Thanks - an incredible record of bravery and selflessness. This fits the picture I had of the Brethren - that they served, but in strictly non-combatant roles. Which is why I was confused about David and Ada Moore’s two sons in the Royal Artillery. (A third son served, in his case in the RAMC.)

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wenhave had a few houses looked at by Plymouth Bretheren when selling, probably walls covered with limited edition aviation prints and a cat dragging a pigeon n through the cat flap probably reasons for not selling to them. military and bloodshed.

 

would a RA driver be a non combat role?

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I can only quote Brethren (not Plymouth Brethren, as they told me they are not from Plymouth) in Northern Ireland. The Great War was part of "the world". Theologically they had to be separate, but individual conscience could dictate a position. One was KIA in Burma 1943.

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It should not be assumed that objections to military service, in the non-combatant sense,   were wholly based on the bearing of  arms and/or the taking of life. Even amongst the various religions and sects there were a variety of views, indeed amongst them there were men who chose to take up arms. There were all sorts of sects such as Muggletonians, and Dependant Coklers, a tiny minority for sure,  whose objections were based on literal biblicism, sectarian withdrawal or apocalyptical expectations. I should also  mention Quakers who were deemed to have been pacifists in WW1. In fact only 750 Quakers became registered conscientious objectors in WW.1 I would also add that there were political objections to the war, particularly amongst socialists, but even then there were those amongst them  who believed that the war was worth fighting.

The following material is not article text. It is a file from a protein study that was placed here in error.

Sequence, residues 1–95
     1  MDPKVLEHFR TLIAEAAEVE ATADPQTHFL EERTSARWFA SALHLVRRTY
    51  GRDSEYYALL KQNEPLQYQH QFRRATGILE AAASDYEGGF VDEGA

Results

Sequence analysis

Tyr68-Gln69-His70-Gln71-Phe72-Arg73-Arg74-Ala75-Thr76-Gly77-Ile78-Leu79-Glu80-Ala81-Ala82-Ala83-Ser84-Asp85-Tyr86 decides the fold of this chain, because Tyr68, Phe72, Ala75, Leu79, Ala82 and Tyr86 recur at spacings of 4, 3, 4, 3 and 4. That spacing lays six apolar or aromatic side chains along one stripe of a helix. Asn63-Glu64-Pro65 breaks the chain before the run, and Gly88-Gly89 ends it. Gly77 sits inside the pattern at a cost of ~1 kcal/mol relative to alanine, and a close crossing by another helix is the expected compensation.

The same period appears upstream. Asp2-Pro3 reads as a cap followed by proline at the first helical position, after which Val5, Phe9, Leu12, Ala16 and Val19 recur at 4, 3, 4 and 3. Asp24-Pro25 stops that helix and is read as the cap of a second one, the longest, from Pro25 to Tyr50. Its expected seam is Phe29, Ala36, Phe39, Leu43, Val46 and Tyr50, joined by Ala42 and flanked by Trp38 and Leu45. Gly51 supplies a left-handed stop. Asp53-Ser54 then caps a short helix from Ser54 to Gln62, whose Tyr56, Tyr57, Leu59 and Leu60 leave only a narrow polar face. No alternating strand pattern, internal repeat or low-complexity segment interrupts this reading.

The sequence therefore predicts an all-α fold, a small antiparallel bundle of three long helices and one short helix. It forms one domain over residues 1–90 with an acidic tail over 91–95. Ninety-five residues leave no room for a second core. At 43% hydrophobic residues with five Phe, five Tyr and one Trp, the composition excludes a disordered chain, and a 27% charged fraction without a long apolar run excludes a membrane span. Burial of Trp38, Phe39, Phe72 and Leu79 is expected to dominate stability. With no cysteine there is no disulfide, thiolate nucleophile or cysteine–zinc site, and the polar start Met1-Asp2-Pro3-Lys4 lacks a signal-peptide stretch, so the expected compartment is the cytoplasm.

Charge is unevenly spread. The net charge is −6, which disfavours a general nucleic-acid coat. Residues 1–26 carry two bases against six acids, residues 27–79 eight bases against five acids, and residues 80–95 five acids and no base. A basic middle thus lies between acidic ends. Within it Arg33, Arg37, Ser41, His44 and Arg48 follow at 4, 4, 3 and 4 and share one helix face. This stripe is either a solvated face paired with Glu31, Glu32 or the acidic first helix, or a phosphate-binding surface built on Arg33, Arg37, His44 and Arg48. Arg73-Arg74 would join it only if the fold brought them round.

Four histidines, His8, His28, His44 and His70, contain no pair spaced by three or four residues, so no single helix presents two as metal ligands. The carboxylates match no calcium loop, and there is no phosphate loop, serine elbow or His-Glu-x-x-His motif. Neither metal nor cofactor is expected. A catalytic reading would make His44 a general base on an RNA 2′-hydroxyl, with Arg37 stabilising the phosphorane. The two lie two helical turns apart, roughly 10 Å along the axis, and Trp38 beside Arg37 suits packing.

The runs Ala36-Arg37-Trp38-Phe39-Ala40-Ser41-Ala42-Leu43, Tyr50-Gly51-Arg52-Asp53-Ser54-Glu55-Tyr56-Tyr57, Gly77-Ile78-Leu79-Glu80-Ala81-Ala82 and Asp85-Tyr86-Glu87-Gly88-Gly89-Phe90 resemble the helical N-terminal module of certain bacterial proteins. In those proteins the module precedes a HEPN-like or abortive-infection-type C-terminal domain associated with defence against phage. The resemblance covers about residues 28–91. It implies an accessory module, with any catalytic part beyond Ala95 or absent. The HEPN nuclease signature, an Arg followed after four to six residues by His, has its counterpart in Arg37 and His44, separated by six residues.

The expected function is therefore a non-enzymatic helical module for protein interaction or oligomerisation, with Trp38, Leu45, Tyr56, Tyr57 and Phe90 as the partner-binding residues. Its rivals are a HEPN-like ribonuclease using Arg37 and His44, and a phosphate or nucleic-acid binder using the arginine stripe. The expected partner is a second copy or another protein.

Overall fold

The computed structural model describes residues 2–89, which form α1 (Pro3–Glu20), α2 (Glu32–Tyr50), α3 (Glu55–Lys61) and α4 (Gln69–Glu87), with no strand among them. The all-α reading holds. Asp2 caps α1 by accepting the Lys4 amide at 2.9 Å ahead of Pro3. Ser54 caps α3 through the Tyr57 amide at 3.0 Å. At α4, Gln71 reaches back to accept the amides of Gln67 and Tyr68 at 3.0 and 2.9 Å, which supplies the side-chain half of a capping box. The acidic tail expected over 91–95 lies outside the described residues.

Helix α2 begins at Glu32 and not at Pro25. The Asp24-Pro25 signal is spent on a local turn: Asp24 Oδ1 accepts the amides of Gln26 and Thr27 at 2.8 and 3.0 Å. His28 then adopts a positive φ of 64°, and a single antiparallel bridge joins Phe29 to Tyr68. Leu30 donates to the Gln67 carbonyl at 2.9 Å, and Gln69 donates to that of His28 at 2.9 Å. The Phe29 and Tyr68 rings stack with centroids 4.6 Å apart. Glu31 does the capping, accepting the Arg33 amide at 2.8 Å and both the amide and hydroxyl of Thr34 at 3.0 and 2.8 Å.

The subject is not as clear cut as is often made made out, and with respect, is something worth exploring.

 

TR

 

 

 

Edited by Terry_Reeves
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I am reminded that Fabian Ware was born into the Plymouth Brethren, described by David Crane in his ‘Empires of the Dead’ (2013) as, “Victorian England’s most combative, divisive and embattled Calvinist sect.”

 

Crane tells us that Ware “had been imbued with both the autocracy and the idealism of the Brethren, and his whole life was, in one shape or another, an attempt to resolve the tensions between his own unbending individualism and the communitarian dream.”

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13 hours ago, Terry_Reeves said:

 

The subject is not as clear cut as is often made made out, and with respect, is something worth exploring.

 

 

It is indeed. There’s an interesting discussion on the Forum here:

 

https://www.greatwarforum.org/topic/3907-conscientious-objectors/

 

Thanks again to Terry and to everyone who contributed.

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17 hours ago, chaz said:

 

would a RA driver be a non combat role?

 

Sorry chaz I meant to respond to this yesterday - that’s a very good point. How is ‘non combat’ defined? One of the brothers, George, was a driver - I remember him telling me his horse was called Bollocky Bill. I’m not sure of the other brother’s role, but I do know that his son served in the Guards during the Second war.

 

 As Terry mentioned upthread, the subject is not clear cut.

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William Coltman, mentioned upthread, wasn't RAMC but in the North Staffs so would simply appear as a private in the regiment.